So in the end, when he outsmarts the Marquis and manages to kill him, successfully gaining his freedom and leaving Caine alive and free, it seems too good to be true. And then he sits down and dies, and it’s the happiest honest ending available to him. I’d watch these movies forever, so I was certainly waiting for some sign that oh yeah, just kidding, he’s not dead. And of course when you get to the end of the credits and the only ever post-credits scene in a JOHN WICK movie pops up, you get half a second to believe that’s what we’re in for.
Then you see Caine’s daughter and yes, of course, we knew this was coming. Akira goes after Caine for killing her dad. Like she promised she would. Like he told her he expected. Some have interpreted this as another cliffhanger, setup for a spinoff or something, but I honestly don’t believe that’s what it is. It’s just an acknowledgment that this shit never ends. Caine won’t ever magically find peace either. It’s too late for that. Unfortunately.
I wish I could figure out where I heard it, but there was an interview with Stahelski (after CHAPTER 3 I believe) where he seemed to say the cliffhanger endings weren’t about setting up the next one as much as his belief that there could be no happy ending, no resolution for someone who has done the things John Wick has done. I was impressed that he took it so seriously, and sure enough he stayed double true to that conviction.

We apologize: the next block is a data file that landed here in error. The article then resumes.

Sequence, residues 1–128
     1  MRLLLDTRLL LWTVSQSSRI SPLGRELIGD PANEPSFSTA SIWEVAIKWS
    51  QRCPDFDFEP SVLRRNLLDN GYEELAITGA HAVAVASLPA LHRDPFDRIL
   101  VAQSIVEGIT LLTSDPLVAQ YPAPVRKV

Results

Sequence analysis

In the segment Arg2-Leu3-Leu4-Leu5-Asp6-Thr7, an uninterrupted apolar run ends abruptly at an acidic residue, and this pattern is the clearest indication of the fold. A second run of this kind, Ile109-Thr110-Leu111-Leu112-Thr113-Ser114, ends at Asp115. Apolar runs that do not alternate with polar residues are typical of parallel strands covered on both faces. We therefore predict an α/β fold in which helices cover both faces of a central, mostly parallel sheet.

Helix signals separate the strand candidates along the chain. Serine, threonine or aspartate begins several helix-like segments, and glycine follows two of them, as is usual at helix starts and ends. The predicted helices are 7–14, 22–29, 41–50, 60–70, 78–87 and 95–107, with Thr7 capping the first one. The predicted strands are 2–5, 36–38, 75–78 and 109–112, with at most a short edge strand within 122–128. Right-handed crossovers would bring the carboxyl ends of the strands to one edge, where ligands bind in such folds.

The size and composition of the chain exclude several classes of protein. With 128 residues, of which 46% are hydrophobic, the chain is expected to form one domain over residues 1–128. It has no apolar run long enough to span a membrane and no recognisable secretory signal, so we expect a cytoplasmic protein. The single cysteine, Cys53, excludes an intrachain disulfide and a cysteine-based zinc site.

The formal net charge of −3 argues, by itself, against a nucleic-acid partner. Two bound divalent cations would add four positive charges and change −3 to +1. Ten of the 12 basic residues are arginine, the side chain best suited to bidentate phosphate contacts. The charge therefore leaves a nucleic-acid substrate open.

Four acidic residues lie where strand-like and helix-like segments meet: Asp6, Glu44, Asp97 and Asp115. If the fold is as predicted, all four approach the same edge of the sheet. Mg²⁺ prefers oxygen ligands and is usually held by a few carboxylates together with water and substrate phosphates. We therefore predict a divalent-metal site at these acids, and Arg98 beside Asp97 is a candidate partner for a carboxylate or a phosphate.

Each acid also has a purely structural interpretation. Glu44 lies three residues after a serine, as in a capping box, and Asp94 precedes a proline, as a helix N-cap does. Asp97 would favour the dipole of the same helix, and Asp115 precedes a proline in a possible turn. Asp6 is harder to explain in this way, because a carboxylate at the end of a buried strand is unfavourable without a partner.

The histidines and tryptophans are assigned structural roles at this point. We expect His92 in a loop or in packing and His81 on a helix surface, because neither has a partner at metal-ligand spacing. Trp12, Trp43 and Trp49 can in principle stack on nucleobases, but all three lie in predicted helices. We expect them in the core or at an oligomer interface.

[Update: Fred Topel did an interview for Monsters & Critics where Stahelski said something similar:
M&C: Do you expect each John Wick will end on a cliffhanger to set up the next film?
CS: That’s a good question too. I don’t really plan them as cliffhangers. Honestly, as a director, I don’t see another way to end a movie with a character like this. Surely John is neither deserved nor, I don’t think, entitled to a ride off into the sunset ending or fall back in love or have a fulfilling ending. I think the theme of finality and consequence hit really hard at home when it comes to that. I think he’s just had a really bad day and he might have a few good days in the interim but ultimately, you do bad things, bad things happen. So while concluding one chapter of his life, he has to go into the next one carrying the consequences of what has already been done. If that seems like a cliffhanger, I get it but it’s meant more to be an unfulfilled ending.
The first JOHN WICK is such a classic, and it came into the world as an underdog, this really clever story told by stunt veterans making an incredible debut as filmmakers. A breath of fresh air that action movies were really needing. But as a series it has evolved into something we really haven’t seen before – it’s not normal for this genre of American martial-arts-based action, so often relegated to budgets that are miniscule compared even to the Albert Pyun days, to get to work on this scale, with this type of production value. And Stahelski makes the most of that opportunity. Like each of the movies before it, but moreso, JOHN WICK CHAPTER 4 is a new classic, a high watermark, an incredible experience that we’re going to keep coming back to, that’s sure to inspire so many people making action movies, and we can only wish them luck trying to match that, let alone top it. Stay safe out there, stunt people. And thank you for your service.
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March 27th, 2023 at 8:01 am
That decadent cake looked tasty.